40 Best Quotes From “The Ruthless Elimination of Hurry” by John Mark Comer

So he calls up Willard and asks, “What do I need to do to become the me I want to be?” His answer: Ruthlessly eliminate hurry

This week, I read “The Ruthless Elimination of Hurry: How to Stay Emotionally Healthy and Spiritually Alive in the Chaos of the Modern World” by John Mark Comer, on the recommendation of a friend. The message is about slowing down and simplifying our lives — in the interest of mental, physical, spiritual, and emotional health — in an increasingly complex and fast-paced world. John Mark Comer is a Christian pastor, and there is a deep spiritual application here, based on the life and teachings of Jesus. However, the message is universal in 2022 and draws from both secular and spiritual sources.

Comer says that he reads around ~100 books a year and it shows. The book is well-researched and includes a large volume of relevant quotes from myriad thinkers. A number of the quotes below are not from Comer himself but from people he cites.

You can find the book on Amazon but here is a robust sampling of my personal favorites to whet your appetite.

40 Best Quotes from “The Ruthless  Elimination of Hurry: How to Stay Emotionally Healthy and Spiritually Alive in the Chaos of the Modern World” by John Mark Comer 

The Korean-born German philosopher Byung-Chul Han ends his book The Burnout Society with a haunting observation of most people in the Western world: “They are too alive to die, and too dead to live.”


What if the secret to a happy life—and it is a secret, an open one but a secret nonetheless; how else do so few people know it?—what if the secret isn’t “out there” but much closer to home? What if all you had to do was slow down long enough for the merry-go-round blur of life to come into focus?


Corrie ten Boom once said that if the devil can’t make you sin, he’ll make you busy. There’s truth in that. Both sin and busyness have the exact same effect—they cut off your connection to God, to other people, and even to your own soul.


The famous psychologist Carl Jung had this little saying: Hurry is not of the devil; hurry is the devil.


The problem isn’t when you have a lot to do; it’s when you have too much to do and the only way to keep the quota up is to hurry.


Hurry and love are incompatible. All my worst moments as a father, a husband, and a pastor, even as a human being, are when I’m in a hurry—late for an appointment, behind on my unrealistic to-do list, trying to cram too much into my day. I ooze anger, tension, a critical nagging—the antitheses of love.


God walks “slowly” because he is love. If he is not love he would have gone much faster. Love has its speed. It is an inner speed. It is a spiritual speed. It is a different kind of speed from the technological speed to which we are accustomed. It is “slow” yet it is lord over all other speeds since it is the speed of love.


Last night I picked up the Christian savant and literary master T. S. Eliot. A little of it I even understood, like his line about “this twittering world” where people are “distracted from distraction by distraction.” Meaning, a world with just enough distraction to avoid the wound that could lead us to healing and life.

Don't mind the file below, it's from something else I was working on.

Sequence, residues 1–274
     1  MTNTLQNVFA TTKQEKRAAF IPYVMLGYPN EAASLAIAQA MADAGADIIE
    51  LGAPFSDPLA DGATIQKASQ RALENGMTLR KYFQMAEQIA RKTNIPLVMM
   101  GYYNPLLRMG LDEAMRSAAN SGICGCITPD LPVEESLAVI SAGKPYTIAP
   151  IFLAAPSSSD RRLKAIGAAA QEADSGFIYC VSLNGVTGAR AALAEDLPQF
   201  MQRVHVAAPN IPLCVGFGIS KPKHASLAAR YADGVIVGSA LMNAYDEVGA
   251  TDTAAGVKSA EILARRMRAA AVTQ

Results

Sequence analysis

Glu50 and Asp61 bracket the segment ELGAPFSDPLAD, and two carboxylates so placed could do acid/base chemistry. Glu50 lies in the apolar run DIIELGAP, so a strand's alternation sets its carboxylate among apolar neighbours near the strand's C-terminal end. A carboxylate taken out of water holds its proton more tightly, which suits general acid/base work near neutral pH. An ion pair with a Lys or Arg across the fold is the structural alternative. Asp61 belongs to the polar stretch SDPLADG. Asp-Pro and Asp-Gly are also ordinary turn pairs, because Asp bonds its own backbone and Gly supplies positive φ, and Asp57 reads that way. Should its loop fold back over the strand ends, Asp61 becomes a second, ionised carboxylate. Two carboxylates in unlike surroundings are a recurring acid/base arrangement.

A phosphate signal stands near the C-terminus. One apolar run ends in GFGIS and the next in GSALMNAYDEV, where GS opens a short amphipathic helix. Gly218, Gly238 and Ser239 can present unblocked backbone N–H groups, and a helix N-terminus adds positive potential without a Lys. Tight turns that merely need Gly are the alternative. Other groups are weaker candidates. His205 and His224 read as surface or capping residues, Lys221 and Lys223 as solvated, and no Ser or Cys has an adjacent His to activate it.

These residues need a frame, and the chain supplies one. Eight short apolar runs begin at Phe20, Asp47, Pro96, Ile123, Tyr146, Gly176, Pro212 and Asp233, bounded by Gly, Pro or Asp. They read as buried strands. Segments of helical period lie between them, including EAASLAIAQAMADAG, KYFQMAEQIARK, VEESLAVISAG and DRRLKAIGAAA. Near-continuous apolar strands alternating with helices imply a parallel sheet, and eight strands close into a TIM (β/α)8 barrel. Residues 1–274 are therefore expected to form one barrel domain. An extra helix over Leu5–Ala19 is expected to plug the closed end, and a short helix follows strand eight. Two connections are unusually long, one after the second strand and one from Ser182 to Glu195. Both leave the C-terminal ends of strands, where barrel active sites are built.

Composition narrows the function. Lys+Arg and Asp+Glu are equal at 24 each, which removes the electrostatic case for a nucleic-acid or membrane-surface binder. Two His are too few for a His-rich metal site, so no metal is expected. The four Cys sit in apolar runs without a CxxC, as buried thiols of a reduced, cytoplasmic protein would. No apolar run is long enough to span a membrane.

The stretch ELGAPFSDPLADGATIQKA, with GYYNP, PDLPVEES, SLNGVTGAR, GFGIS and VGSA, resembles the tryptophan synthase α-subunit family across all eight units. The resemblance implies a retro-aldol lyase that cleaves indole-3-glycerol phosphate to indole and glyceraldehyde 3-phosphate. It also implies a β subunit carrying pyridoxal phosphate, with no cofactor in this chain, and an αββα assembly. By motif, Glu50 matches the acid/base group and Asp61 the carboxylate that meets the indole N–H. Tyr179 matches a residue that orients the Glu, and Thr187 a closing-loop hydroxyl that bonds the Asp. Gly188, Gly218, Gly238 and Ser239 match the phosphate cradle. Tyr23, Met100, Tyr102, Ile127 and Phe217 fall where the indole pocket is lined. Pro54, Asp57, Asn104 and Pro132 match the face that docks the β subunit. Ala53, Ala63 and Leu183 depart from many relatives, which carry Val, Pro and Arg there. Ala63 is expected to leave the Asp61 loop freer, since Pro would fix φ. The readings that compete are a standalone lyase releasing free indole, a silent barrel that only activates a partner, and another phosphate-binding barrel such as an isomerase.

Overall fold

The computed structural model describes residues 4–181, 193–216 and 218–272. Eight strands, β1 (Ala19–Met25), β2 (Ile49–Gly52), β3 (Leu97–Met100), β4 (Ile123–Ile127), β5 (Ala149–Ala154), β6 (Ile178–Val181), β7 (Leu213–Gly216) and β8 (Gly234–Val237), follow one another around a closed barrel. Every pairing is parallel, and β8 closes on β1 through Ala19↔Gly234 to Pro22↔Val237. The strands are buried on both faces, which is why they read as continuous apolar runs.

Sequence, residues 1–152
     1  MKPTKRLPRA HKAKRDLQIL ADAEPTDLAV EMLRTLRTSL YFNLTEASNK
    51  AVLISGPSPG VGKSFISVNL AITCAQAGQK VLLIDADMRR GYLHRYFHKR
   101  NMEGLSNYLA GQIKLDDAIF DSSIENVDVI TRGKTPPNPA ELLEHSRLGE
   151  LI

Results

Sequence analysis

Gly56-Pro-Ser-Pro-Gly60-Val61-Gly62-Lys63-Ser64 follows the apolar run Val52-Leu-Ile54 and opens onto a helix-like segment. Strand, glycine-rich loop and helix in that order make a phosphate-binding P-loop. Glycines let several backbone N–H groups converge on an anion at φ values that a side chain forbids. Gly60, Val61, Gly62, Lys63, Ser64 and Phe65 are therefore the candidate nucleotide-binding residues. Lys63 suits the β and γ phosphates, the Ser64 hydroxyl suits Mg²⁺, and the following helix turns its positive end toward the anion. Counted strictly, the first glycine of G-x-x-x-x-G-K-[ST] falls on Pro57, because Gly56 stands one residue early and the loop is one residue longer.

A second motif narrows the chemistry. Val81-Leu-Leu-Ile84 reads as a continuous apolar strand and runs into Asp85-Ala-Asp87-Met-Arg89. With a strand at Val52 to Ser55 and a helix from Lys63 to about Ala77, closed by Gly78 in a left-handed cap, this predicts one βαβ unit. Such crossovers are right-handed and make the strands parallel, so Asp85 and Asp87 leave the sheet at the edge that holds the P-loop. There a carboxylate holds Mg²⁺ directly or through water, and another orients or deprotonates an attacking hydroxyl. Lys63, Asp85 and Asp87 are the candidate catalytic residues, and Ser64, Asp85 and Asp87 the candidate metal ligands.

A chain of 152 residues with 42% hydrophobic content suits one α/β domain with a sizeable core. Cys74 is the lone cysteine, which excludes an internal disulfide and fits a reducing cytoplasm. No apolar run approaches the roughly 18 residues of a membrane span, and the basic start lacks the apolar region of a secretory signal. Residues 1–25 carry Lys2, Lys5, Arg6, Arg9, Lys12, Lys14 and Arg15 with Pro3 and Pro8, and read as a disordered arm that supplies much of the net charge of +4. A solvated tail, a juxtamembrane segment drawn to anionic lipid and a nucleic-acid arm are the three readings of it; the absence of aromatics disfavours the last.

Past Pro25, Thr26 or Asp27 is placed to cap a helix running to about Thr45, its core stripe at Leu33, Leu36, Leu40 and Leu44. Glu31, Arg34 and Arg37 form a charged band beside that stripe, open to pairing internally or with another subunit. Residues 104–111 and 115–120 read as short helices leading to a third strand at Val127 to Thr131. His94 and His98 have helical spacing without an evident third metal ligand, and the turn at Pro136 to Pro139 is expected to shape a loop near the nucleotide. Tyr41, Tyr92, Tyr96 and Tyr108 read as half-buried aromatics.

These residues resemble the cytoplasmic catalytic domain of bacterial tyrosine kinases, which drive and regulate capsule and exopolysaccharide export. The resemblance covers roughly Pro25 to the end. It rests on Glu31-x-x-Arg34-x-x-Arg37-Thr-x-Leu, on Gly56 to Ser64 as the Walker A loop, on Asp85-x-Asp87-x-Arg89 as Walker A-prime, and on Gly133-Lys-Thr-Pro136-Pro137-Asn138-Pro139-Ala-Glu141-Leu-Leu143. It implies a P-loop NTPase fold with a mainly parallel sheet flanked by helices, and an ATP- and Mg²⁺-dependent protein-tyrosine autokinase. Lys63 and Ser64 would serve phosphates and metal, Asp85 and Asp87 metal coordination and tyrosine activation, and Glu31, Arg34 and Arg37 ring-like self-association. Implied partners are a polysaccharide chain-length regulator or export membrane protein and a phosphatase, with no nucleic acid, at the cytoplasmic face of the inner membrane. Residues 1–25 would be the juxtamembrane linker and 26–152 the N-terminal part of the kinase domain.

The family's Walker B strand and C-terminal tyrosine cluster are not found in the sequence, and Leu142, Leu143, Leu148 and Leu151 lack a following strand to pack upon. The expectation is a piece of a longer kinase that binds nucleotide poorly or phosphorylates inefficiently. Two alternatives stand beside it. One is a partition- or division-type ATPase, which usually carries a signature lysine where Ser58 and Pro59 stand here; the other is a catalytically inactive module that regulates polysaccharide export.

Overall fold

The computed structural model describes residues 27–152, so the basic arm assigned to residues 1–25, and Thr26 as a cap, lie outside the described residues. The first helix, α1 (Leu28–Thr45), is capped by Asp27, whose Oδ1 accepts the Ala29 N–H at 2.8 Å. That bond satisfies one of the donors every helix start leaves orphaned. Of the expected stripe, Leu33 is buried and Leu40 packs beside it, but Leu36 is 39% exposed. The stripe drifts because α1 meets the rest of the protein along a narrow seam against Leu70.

But the clock changed all that: it created artificial time—the slog of the nine-to-five all year long. We stopped listening to our bodies and started rising when our alarms droned their oppressive siren—not when our bodies were done resting. We became more efficient, yes, but also more machine, less human being.


Citing Daniel Boorstin: “Here was man’s declaration of independence from the sun, new proof of his mastery over himself and his surroundings. Only later would it be revealed that he had accomplished this mastery by putting himself under the dominion of a machine with imperious demands all its own.”

#10 Daniel Boorstin

Harvard Business Review recently conducted a study on the change in social status in America. It used to be that leisure was a sign of wealth. People with more money spent their time playing tennis or sailing in the bay or sipping white wine during lunch at the golf club. But that’s changed. Now busyness is a sign of wealth. You see this cultural shift in advertising. Commercials and magazine ads for luxury items like a Maserati or a Rolex used to show the rich sitting by a pool in the south of France. Now they are more likely to show the wealthy in New York or downtown LA leading a meeting from a high-rise office, going out for late-night drinks at a trendy club, or traveling the world.


Before any of this started, way back in 1936, another literary prophet, Aldous Huxley, wrote of “man’s almost infinite appetite for distractions.”


Thomas Merton once called “the rush and pressure of modern life” a “pervasive form of contemporary violence.” Violence is the perfect word.


The poet Mary Oliver, not a Christian but a lifelong spiritual seeker, wrote something similar: “Attention is the beginning of devotion.”


Because what you give your attention to is the person you become… In the end, your life is no more than the sum of what you gave your attention to.


I love how John Ortberg framed it: “Hurry is not just a disordered schedule. Hurry is a disordered heart.”


All too often our hurry is a sign of something else. Something deeper. Usually that we’re running away from something—father wounds, childhood trauma, last names, deep insecurity or deficits of self-worth, fear of failure, pathological inability to accept the limitations of our humanity, or simply boredom with the mundanity of middle life.